War of the Rebellion: Serial 021 Page 1074 W. FLA., S.ALA.,S.MISS., LA., TEX., N. MEX. Chapter XXVII.

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general commanding I have contracted with Messrs. Richard King, Miffin Kennedy, and Charles Stillman, of this city, for a supply of quartermaster's and subsistence stores for six months, commencing June 1 proximo, at an advance of 15 per cent. on the original cost and charges of the articles delivered, they receiving the cotton in the interior, providing the necessary transportation, and selling it on account of the Government, charging a commission of 2 1/2 per cent. for selling and 2 1/2 per cent. for advancing. These gentlemen are too well known to render it necessary to speak of their ability to comply with this contract.

My duties at this post have been arduous and embarrassing on account of the failure in the transportation of cotton with which to make my purchases. I have, succeeded in providing everything necessary for the comfort and efficiency of the army without compromising in any manner the credit of the Government, and at prices which I flatter myself will compare favorably with any purchases that have been made for the Confederacy. I am greatly to Major J. F. Minter, chief quartermaster District of Texas, New Mexico, and Arizona, for the present organization of the quartermaster's department. Your statement as to the present condition of efficiency of the department is truly gratifying, and it will afford me pleasure to communicate this fact to the assistant and acting assistant quartermaster on this line.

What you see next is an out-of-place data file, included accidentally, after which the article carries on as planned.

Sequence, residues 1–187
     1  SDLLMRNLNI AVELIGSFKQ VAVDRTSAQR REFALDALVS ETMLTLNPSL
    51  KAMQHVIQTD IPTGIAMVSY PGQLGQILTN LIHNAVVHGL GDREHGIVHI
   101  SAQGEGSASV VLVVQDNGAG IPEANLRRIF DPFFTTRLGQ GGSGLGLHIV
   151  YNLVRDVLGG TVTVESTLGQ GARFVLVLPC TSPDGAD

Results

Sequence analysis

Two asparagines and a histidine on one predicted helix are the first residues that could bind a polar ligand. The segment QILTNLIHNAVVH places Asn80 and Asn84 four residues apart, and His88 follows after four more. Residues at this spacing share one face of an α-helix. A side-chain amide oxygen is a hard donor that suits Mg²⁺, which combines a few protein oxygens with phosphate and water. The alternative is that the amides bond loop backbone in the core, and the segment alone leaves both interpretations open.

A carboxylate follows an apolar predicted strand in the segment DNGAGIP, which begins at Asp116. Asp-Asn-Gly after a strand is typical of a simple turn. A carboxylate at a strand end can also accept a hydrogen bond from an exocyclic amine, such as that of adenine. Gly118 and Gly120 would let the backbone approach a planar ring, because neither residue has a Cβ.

I have the honor to be, very respectfully, your obedient servant,


Major, C. S. P. A., Brigade Quartermaster.


Houston, May 4, 1863.


Assistant Adjutant-General:

CAPTAIN: Under the orders of Lieutenant-General Smith, commanding department, &c., I beg to say to the major-general commanding that I am sending to Nibett's Bluff, on the Sabine River, all the disposable force at my command, including Major Wilson's battery.

I beg to know of the major-general commanding as to propriety of placing Major O. M. Watkins, who wishes to go, in command of that battery.

I have endeavored to keep the major-general commanding advised of every important matter that has occurred.

I have the honor to be, very respectfully, your obedient servant,


Brigadier-General, Commanding, &c.

PORT HUDSON, May 5, 1863.

Lieutenant General J. C. PEMBERTON:

I have managed to decipher a portion of your telegram of yesterday, but cannot understand it all. I cannot move 5,000 men at once, but will do so as soon as wagons return. I will move as many as possible to-morrow. Shall I order Simonton from Ponchatoula?